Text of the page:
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This article was published 13/1/2014 (1258 days ago), so information in it may no longer be current.
Brandon School Division is “ahead of the game” as Manitoba enters its second of five implementation years for the kindergarten to Grade 3 class size initiative, according to school board chair Mark Sefton.
In a letter addressed to school boards across Manitoba last month, Education Minister James Allum is calling on school divisions to “undertake a review and assessment of available space and explore all options prior to requesting new construction.
“The review and assessment should consider circumstances that must be addressed now because no alternative space is available,” the letter reads.
Allum adds that some divisions have already initiated a process for assessing surplus space on a division-wide scale to maximize the use of available space prior to requesting new capital funding.
Sefton said the school division arranged for an assessment of its space last spring.
“They went around school by school, examined all the buildings and at the end of that, it was obvious we have no space.”
Sefton said during Allum’s visit to the Wheat City in November, he acknowledged Brandon’s need for more space.
As their enrolment continues to climb, now reaching more than 8,000 students across the division, Sefton said a number of school of choice requests have been turned down.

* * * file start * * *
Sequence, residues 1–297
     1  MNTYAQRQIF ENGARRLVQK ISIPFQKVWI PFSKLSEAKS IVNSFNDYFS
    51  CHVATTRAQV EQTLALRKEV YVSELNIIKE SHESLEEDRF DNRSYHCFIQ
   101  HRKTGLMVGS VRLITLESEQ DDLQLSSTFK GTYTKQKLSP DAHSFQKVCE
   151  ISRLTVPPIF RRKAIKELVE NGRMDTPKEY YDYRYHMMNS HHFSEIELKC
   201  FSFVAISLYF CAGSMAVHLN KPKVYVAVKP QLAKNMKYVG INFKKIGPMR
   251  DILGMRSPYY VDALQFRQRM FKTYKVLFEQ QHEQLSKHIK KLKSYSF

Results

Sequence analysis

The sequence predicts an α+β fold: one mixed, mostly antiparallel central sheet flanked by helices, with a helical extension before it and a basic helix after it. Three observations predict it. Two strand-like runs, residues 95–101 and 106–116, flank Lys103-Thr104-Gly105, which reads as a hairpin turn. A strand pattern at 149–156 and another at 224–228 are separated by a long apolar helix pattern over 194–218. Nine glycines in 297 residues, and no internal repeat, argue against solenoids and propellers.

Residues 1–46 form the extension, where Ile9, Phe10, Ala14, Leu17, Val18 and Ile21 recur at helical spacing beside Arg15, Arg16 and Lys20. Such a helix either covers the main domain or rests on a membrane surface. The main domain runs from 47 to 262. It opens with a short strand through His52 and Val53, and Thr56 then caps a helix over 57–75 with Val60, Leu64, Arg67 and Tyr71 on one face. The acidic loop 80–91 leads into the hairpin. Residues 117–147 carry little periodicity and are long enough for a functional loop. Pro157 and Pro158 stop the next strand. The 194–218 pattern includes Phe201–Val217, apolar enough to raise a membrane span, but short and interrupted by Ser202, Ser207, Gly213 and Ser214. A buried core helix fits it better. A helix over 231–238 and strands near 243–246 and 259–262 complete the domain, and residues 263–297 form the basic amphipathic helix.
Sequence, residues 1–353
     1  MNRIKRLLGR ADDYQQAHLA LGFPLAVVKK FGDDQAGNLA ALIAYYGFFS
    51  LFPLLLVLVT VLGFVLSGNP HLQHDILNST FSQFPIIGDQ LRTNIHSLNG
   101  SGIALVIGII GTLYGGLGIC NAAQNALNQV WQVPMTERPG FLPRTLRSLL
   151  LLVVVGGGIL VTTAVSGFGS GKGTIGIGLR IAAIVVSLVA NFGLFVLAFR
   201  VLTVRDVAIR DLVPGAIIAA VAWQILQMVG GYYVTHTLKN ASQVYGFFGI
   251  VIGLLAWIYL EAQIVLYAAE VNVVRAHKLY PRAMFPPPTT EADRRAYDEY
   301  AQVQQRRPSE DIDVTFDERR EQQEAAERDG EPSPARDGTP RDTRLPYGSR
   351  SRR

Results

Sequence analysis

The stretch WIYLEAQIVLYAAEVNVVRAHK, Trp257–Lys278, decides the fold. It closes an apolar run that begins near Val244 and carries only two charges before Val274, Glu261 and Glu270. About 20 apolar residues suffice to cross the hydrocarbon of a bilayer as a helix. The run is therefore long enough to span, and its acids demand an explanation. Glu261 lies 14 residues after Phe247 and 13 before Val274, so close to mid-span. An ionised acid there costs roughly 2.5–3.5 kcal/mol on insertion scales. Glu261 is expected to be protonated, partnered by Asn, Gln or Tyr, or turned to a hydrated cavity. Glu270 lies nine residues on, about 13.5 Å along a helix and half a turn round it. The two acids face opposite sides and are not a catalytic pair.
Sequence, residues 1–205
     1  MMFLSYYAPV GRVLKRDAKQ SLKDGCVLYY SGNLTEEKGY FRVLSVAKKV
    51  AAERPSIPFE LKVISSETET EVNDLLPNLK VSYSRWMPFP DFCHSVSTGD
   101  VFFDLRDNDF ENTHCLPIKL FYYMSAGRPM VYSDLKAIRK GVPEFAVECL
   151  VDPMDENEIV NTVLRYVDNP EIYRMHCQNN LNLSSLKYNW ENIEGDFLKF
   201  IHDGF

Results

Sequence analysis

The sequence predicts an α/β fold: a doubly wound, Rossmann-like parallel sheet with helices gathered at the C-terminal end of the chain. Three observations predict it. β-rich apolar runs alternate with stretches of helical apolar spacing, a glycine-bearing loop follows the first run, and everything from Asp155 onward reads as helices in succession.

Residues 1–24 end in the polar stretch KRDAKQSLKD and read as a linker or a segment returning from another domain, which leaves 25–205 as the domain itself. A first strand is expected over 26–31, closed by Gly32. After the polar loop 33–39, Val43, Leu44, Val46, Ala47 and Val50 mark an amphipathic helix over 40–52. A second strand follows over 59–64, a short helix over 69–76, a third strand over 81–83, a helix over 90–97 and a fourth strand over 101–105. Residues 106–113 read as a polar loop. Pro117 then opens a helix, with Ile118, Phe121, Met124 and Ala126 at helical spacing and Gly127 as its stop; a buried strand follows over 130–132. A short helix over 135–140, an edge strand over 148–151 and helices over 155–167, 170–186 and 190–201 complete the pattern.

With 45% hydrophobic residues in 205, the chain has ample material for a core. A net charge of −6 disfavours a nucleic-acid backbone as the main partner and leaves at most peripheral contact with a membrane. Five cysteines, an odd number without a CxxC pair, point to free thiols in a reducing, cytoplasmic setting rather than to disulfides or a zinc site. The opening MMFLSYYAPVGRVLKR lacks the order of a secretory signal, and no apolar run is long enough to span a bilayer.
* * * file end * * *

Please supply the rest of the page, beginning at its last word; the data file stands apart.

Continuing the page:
While school of choice still remains an option for families, the short- and long-term implications of admitting non-catchment area students will need to be carefully considered. The K-3 class size initiative will also have an impact on future school of choice requests, Sefton said.
“Which is never a good thing, you want to try and accommodate families and parents as much as you can.”
As part of the provincial government’s K-3 class size initiative, school divisions in Manitoba will be required to cap their kindergarten to Grade 3 classrooms at 20 students. To give some divisions flexibility, the province will allow 10 per cent of the classrooms per division to exceed the cap, without exceeding 23 students.
The board is also continuing discussions with Assiniboine Community College and Manitoba Education over the idea to use the unused shop spaces at ACC’s Victoria Avenue East campus for BSD industrial arts, home economics and other programs.